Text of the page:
New technology aided in arrest
As rape suspect Brad Wagner of Glenwood Springs was advised of his rights at the Boulder County Jail on Monday, new details emerged about the events leading to his arrest.Advances in DNA and computer technology ultimately provided the key to unlocking the identity of the suspect, said Boulder Police Commander Kurt Weiler. Forensic samples taken from the sexual assault kits of the victims between 1993 and 1998 were resubmitted in 1999 and 2000, once new DNA technology developed. Through a public records search aided by new computer technology, Boulder investigators linked Wagner to being in Boulder, Lakewood and Austin, Texas, during the time of the assaults, Weiler said.”With today’s technology, we were able to develop a DNA profile from a handshake, where before we would need a significant amount of blood to do that,” Weiler said.The first step of the police department’s investigation of Wagner was to obtain a DNA sample “to see if he would garner additional scrutiny,” he said. The Boulder investigator who met with Wagner on May 20 attempted to obtain four DNA samples from an apartment door, a vehicle door, through a handshake and from a bicycle that Wagner rode to the meeting with the officer. Only the handshake and the bicycle attempts provided adequate DNA. The undercover detective’s hand was swabbed after the handshake with Wagner to obtain the DNA. “Based on our investigation and the DNA that we got unknowing from him, we were able to convince a judge that probable cause existed,” Weiler said. The judge provided the police department with an arrest warrant and two search warrants, one for Wagner’s house and another for his person. Using the search warrant for his person, police collected hair, blood and saliva samples and sent them to the Colorado Bureau of Investigation for further testing, Weiler said.An undercover investigator was necessary, Weiler said, because “if were going to ask him and try to get samples from him knowingly, there was a concern that he might leave.”Wagner worked from his home in the 1300 block of Grand Avenue as a real estate agent for ReMax Mountain West. Members of the community expressed surprise and shock at his arrest.”I was shocked that he was a Realtor and lived in Glenwood. I’m glad they caught him. I feel safe here,” said Louise Richardson, a three-year resident. She also added she feels that the DNA evidence seems solid in the case.Stan Trulock, a motorcycle mechanic for Gorilla Motor Works, part of Jimmy’s 66 Service, said his wife had wondered where he lived when she heard of Wagner’s arrest.”She called directory assistance to find out if he lived in our neighborhood,” he said. “If he’s guilty, I hope they lock him up for the rest of his life.” Another resident said she hopes Wagner gets a fair trial. “But if he did everything they said he did, then put him in jail,” said resident Vanna Vigil, who has lived in Glenwood Springs all her life. “You don’t expect people like that to be in a little tiny town. We seem to be pretty safe. But what appears isn’t always true.” Contact Christine Dell’Amore: 945-8515, ext. firstname.lastname@example.orgWhat’s nextBrad Wagner’s public defender appeared on his behalf Monday at the Boulder County Jail when Wagner was advised of his rights. Another court date was set for 2 p.m. Friday at the Boulder County Jail, when Wagner will be formally charged with four counts of first-degree sexual assault.Brad Wagner’s public defender appeared on his behalf Monday at the Boulder County Jail when Wagner was advised of his rights. Another court date was set for 2 p.m. Friday at the Boulder County Jail, when Wagner will be formally charged with four counts of first-degree sexual assault.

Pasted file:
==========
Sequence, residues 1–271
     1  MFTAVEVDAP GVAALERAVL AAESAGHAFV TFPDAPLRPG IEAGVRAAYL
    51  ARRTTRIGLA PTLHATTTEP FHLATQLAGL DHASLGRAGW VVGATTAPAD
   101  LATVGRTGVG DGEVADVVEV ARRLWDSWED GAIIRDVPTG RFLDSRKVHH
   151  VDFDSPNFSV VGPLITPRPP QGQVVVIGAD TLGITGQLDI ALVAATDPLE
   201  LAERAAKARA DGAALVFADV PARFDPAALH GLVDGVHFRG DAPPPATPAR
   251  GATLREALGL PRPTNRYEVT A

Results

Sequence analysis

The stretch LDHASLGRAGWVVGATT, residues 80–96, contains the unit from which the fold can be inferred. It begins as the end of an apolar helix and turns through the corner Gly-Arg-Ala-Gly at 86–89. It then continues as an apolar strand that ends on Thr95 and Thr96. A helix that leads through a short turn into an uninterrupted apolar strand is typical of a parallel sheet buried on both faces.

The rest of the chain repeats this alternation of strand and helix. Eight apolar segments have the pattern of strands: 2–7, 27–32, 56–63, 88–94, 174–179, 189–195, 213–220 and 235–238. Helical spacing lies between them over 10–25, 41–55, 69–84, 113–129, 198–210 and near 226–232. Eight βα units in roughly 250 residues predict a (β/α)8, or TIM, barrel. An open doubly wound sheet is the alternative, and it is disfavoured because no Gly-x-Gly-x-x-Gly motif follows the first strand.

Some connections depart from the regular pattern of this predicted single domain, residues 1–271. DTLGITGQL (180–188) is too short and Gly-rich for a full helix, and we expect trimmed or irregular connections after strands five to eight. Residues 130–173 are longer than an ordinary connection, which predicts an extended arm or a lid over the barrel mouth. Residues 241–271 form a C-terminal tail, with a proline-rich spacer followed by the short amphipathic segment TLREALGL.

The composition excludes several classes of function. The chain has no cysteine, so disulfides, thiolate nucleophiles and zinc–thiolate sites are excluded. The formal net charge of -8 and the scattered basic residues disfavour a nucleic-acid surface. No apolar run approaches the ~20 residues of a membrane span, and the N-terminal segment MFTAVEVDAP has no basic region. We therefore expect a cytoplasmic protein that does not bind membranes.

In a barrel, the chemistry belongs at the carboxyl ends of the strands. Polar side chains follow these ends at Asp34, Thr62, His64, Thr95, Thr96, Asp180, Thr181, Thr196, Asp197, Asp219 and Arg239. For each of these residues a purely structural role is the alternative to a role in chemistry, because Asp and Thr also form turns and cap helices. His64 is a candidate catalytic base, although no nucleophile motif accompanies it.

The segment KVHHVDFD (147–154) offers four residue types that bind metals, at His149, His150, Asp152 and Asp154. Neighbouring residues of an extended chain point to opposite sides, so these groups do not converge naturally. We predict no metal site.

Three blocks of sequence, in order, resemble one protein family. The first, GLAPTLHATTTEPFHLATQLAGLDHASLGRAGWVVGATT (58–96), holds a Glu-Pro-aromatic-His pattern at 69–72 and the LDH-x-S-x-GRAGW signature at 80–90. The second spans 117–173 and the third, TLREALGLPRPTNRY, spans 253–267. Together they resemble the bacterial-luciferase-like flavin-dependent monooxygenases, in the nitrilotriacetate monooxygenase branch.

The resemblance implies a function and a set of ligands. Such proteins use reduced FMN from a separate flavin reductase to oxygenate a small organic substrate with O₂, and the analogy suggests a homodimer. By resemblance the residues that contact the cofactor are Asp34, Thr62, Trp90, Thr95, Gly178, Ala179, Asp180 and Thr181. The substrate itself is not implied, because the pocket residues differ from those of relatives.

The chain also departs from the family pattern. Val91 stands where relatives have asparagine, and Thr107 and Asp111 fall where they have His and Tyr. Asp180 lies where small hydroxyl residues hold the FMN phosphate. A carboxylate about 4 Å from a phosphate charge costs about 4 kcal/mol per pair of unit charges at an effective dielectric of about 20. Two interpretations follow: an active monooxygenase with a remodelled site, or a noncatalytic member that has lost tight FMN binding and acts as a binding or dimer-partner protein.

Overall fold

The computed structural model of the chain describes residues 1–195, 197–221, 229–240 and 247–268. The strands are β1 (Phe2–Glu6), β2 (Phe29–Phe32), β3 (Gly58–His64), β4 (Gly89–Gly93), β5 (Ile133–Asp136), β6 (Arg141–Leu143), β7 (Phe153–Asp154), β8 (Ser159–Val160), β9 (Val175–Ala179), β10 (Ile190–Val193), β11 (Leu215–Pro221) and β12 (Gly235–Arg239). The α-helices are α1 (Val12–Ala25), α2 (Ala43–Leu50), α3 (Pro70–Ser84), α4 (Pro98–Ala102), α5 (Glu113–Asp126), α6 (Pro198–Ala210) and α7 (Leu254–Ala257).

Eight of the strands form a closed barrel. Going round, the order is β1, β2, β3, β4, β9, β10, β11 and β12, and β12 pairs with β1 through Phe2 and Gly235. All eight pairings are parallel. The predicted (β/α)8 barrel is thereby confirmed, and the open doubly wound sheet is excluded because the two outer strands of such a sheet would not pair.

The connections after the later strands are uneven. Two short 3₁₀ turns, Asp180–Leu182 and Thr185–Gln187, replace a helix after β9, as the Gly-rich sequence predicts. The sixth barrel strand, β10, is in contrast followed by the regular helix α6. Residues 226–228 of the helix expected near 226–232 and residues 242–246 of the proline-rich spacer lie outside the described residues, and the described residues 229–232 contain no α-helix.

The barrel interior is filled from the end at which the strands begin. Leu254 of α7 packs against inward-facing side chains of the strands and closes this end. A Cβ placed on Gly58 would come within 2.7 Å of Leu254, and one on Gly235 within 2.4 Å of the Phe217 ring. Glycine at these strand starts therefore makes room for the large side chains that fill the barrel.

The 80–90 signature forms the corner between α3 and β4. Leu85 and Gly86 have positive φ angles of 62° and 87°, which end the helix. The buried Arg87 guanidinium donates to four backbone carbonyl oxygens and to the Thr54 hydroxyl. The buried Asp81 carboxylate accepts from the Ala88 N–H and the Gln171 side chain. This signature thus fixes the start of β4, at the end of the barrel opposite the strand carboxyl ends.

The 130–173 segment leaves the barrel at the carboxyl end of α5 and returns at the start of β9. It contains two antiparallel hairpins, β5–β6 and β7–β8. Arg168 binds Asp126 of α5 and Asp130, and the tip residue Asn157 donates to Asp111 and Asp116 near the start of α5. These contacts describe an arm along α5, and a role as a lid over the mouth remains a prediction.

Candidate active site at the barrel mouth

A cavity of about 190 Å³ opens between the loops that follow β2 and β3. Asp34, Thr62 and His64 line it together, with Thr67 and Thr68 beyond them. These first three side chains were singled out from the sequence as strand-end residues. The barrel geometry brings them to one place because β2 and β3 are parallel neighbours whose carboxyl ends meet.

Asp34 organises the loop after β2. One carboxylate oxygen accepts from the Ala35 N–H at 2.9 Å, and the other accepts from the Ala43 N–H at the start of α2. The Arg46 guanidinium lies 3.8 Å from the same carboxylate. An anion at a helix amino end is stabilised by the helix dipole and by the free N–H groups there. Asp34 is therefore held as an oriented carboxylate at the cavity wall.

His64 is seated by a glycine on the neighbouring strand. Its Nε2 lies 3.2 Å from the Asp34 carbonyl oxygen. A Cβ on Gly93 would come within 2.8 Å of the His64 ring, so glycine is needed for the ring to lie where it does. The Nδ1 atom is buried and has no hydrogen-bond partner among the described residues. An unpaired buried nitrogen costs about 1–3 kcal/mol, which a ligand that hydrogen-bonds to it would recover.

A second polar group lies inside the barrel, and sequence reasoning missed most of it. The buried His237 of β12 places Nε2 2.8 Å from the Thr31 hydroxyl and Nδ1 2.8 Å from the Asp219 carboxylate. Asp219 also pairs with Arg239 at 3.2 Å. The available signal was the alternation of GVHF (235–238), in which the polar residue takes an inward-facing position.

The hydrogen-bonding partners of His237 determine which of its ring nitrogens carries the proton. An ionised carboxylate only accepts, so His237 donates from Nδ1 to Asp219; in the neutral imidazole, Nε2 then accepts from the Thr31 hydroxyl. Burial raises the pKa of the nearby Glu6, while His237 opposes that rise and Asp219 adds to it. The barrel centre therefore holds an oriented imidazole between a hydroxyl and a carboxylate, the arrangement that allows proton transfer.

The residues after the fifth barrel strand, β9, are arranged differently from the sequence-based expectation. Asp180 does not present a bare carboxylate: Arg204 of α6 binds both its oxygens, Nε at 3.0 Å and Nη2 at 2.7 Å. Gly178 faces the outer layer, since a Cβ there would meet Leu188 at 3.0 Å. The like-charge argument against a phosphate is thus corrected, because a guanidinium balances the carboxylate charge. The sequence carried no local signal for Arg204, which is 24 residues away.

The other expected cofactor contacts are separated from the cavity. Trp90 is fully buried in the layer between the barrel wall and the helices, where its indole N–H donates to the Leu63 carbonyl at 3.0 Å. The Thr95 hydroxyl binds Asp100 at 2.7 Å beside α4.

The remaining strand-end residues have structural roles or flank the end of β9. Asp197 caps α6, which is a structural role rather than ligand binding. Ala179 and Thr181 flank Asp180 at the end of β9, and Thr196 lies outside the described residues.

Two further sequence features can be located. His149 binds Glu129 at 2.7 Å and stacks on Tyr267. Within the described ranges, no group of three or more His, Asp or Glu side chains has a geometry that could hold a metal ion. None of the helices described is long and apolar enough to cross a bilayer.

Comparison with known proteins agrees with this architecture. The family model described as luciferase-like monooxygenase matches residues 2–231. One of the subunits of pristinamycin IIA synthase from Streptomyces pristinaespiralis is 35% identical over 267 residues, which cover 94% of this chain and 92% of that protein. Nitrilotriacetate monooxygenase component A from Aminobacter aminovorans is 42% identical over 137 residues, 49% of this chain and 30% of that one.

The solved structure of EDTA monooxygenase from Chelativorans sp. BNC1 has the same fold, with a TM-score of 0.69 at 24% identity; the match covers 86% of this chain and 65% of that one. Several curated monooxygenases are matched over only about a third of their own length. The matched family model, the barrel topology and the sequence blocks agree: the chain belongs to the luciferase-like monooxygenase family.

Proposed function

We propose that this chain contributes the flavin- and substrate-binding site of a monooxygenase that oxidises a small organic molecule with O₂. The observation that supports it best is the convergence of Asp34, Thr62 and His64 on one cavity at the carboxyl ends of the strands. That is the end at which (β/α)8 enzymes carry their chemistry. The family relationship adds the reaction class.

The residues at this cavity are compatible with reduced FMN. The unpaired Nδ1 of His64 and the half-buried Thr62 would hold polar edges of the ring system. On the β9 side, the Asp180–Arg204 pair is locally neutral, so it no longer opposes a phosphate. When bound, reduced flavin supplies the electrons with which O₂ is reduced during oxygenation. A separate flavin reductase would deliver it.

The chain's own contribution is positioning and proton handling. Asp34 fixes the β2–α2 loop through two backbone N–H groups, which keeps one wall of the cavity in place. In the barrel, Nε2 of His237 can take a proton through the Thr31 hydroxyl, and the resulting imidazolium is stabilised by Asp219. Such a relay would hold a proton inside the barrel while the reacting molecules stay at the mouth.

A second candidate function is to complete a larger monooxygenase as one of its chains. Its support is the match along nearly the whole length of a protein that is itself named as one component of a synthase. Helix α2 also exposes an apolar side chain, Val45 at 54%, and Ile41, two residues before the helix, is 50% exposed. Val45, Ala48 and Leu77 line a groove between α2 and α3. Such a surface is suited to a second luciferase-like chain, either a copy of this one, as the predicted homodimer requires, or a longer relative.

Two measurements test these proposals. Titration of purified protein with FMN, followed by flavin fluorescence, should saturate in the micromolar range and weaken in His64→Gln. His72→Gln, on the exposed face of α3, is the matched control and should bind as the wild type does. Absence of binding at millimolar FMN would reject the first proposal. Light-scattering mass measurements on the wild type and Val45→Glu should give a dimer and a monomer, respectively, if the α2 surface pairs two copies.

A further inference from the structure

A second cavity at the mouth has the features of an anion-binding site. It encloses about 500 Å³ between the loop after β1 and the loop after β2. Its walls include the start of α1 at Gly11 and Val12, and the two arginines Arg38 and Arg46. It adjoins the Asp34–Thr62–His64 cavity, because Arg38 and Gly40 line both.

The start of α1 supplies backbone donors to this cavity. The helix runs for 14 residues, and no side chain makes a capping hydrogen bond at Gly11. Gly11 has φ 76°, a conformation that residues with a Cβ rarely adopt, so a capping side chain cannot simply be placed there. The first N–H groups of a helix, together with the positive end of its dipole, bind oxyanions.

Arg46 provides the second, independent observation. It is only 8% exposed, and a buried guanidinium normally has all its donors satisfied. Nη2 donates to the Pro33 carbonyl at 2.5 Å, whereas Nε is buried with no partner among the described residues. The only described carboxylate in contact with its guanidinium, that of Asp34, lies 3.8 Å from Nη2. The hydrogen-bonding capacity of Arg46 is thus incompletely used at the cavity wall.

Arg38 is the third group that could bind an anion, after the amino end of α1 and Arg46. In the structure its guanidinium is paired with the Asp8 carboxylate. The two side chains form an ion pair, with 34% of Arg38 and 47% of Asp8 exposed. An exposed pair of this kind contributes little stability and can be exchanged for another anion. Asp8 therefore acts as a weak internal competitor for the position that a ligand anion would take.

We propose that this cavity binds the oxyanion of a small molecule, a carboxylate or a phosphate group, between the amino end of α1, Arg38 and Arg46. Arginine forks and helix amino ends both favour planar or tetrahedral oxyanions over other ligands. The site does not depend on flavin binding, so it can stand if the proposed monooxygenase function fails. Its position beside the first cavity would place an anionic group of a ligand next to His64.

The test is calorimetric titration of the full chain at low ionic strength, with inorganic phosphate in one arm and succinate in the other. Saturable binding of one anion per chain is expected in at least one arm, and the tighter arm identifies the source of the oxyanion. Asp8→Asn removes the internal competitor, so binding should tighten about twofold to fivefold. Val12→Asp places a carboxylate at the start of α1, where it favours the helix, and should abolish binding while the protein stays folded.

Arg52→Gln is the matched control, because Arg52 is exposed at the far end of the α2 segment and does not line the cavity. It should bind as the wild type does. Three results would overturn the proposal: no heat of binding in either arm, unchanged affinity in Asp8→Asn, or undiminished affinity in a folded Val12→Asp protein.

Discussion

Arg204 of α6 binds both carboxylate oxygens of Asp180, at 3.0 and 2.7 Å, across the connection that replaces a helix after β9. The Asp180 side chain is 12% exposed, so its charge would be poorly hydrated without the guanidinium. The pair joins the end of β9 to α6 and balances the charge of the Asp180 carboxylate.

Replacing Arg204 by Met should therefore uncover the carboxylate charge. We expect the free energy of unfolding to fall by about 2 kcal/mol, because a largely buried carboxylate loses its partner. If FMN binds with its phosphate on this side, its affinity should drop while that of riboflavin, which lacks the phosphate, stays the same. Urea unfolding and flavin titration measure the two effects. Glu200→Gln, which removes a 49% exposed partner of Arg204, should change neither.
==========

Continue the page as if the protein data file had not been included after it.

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Sign language has become a bit of a competitive strategy on the court for the Glenwood Springs High School girls basketball team in recent years.